Mr. Versatility: Lenon Can Play Every LB Position

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While most players rested following a sweaty day of practice under the Wisconsin sun, Paris Lenon spent each night of 2002's training camp looking at tape of every linebacker position with linebackers coach Bo Pelini.

"It helped me gain a better understanding of the defense," Lenon said.

Lenon's early NFL indoctrination to the three linebacker positions has paid off this year. Lenon began the season at strongside linebacker. Since Week 10, however, he has started for Robert Thomas on the weakside. The coaching staff also said that if Nick Barnett would miss time due to injury, Lenon would replace him at middle linebacker.

The two outside positions require a totally different way of thinking. The strongside or SAM linebacker lines up against a tight end, making for an extra read. The tight end does not always run block for rushing plays; he can fake a block and then peel off for a downfield reception. The offense also can release a tight end on run plays to make the strongside backer think it's a pass.

"It's hard," Head Coach Mike Sherman said. "The ability to play both of those with equal efficiency to his ability is admirable."

Lenon's versatility has helped compensate for several injuries to the Packers' linebackers. Na'il Diggs posted more than 100 tackles the last three years, but injuries to both knees have limited him to six games this year. The Packers traded for Thomas before the season, but he has missed three games with a quadriceps injury. Rookie Brady Poppinga showed potential but suffered a season-ending tear to his anterior cruciate ligament in his knee last week against the Detroit Lions.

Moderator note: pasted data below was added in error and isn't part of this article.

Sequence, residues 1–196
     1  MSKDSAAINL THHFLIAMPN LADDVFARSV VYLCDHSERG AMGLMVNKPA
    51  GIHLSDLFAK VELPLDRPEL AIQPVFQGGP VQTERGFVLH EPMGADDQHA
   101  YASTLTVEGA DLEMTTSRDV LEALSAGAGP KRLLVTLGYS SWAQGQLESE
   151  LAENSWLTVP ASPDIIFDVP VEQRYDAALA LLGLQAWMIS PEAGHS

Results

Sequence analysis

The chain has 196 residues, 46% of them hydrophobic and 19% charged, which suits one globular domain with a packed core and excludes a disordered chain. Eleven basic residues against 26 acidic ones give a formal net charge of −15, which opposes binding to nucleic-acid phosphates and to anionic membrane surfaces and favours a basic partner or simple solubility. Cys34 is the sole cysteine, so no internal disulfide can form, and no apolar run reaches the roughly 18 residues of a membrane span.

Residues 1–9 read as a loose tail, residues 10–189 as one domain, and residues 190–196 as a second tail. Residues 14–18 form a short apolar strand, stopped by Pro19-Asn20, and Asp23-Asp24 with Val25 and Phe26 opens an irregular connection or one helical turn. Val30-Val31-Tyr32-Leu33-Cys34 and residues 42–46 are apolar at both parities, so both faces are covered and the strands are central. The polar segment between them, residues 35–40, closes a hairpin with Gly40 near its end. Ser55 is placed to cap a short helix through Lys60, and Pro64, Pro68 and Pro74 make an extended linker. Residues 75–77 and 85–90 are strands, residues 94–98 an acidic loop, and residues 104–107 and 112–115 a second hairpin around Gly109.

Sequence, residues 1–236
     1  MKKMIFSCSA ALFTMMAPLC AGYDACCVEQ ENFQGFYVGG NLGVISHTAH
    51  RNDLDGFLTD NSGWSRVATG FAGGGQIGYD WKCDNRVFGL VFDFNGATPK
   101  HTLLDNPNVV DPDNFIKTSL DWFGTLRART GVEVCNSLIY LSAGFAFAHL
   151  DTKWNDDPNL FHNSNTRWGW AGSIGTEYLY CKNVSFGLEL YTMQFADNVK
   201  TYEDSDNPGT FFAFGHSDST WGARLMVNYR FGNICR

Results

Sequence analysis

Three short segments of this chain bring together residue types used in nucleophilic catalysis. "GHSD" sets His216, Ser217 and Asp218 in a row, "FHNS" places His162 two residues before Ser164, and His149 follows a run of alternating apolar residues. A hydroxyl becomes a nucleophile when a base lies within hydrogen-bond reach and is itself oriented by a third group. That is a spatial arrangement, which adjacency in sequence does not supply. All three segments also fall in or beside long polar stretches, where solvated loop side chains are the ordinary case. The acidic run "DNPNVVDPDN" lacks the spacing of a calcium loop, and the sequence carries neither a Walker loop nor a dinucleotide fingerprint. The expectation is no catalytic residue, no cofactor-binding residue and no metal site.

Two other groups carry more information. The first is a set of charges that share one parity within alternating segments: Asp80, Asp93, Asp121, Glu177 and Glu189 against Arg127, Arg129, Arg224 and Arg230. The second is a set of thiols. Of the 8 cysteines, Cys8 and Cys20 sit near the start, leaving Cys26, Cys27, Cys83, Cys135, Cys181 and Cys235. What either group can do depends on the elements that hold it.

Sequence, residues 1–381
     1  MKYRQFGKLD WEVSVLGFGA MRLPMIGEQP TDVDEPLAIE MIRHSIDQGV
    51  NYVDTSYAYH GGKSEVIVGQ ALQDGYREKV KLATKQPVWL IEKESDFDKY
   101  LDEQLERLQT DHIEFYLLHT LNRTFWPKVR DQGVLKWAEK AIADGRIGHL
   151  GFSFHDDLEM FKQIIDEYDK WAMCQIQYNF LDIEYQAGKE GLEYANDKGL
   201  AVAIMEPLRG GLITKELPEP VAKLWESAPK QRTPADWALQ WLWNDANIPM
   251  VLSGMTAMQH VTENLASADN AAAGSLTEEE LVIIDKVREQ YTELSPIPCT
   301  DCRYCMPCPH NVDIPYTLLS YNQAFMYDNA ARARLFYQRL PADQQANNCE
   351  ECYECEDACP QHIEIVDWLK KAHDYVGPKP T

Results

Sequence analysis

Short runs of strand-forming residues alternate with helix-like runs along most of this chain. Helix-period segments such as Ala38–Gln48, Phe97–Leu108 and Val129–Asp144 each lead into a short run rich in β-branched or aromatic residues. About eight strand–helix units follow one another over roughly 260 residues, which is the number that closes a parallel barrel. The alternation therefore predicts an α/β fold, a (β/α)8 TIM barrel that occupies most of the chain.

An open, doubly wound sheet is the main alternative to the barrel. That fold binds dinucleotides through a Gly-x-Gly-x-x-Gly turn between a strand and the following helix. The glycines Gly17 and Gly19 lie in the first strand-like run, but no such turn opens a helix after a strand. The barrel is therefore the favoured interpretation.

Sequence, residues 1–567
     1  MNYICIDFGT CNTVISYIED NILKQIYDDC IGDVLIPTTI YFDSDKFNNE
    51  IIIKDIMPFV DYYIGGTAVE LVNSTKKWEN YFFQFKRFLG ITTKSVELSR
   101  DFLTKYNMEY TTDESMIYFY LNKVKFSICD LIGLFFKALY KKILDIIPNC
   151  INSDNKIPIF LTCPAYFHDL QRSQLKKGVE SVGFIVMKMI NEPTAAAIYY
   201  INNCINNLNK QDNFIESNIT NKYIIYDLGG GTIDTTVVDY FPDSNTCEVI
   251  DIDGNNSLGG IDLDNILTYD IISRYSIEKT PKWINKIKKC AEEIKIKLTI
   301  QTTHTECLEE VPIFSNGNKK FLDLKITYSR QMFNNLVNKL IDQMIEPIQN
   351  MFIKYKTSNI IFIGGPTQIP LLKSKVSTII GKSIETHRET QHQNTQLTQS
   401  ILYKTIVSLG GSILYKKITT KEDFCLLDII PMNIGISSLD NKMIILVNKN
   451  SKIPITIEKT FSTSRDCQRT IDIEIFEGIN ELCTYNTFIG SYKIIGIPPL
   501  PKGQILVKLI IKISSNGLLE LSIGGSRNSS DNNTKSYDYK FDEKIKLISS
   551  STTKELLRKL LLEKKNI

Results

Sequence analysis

Faced with a depleted linebacker corps, the team has had to count on Lenon more than ever this year. He has responded with a career-high 58 tackles, and Sherman deemed him one of the most indispensable players on the team.

"He has become that. He has become somebody that I could rely on," Sherman said. "He has really absorbed what we're teaching him and taken it to the field. He has a good football mind."

Lenon has not only honed the mental part of his game but also the physical part. Through an intense offseason running program and reducing his supplement intake, he dropped from 245 to 234 pounds. The lighter weight made him a better fit in the new Packers' defensive scheme, which calls for linebackers to pursue ballcarriers from sideline to sideline.

"We cover a lot of ground," Lenon said. "It's more beneficial to be more fluid rather than a heavier dude."

Lenon now must cover that ground while playing with a bulky cast to protect his broken right index finger. He smashed his finger between two helmets while making a tackle during the Chicago Bears game in Week 13.

But the injury did not prevent him from starting at weakside linebacker the next week and making three tackles. Lenon declined to call it a hindrance.

"It's not that bad," he said. "It's a little difficult at times because I have to put my hand in funny positions. But I didn't have any real issues with it."

It's a good thing the injury does not prevent him from playing against the Baltimore Ravens. He will start in front of a national television audience on Monday Night Football and in person before his immediate family. His sister, Nicole, lives in Baltimore and will attend the game along with Lenon's parents. His folks will make the 4 1/2 hour-trip from Lynchburg, Va.

That journey pales to the long and circuitous route Lenon took to land a spot in the NFL. After the Carolina Panthers cut the undrafted free agent in 2000, he worked for the U.S. Postal Service. In 2001 Lenon played for the Memphis Maniax of the now-defunct XFL. The Packers signed him after that stint but released him during training camp. The Seattle Seahawks did the same one month later. The Packers signed him to the practice squad during the last few weeks of the 2001 season and allocated him to NFL Europe in the offseason where Lenon led the Amsterdam Admirals in tackles.

In 2002 Lenon entered Packers training camp listed last on the Packers depth chart, but with the help of his late-night study sessions with Pelini, he beat out his veteran competition to make the opening day roster.

"Nothing came easy. So it made me early on work constantly," Lenon said. "Some people take things for granted. You should never do that. It definitely makes me more appreciative."

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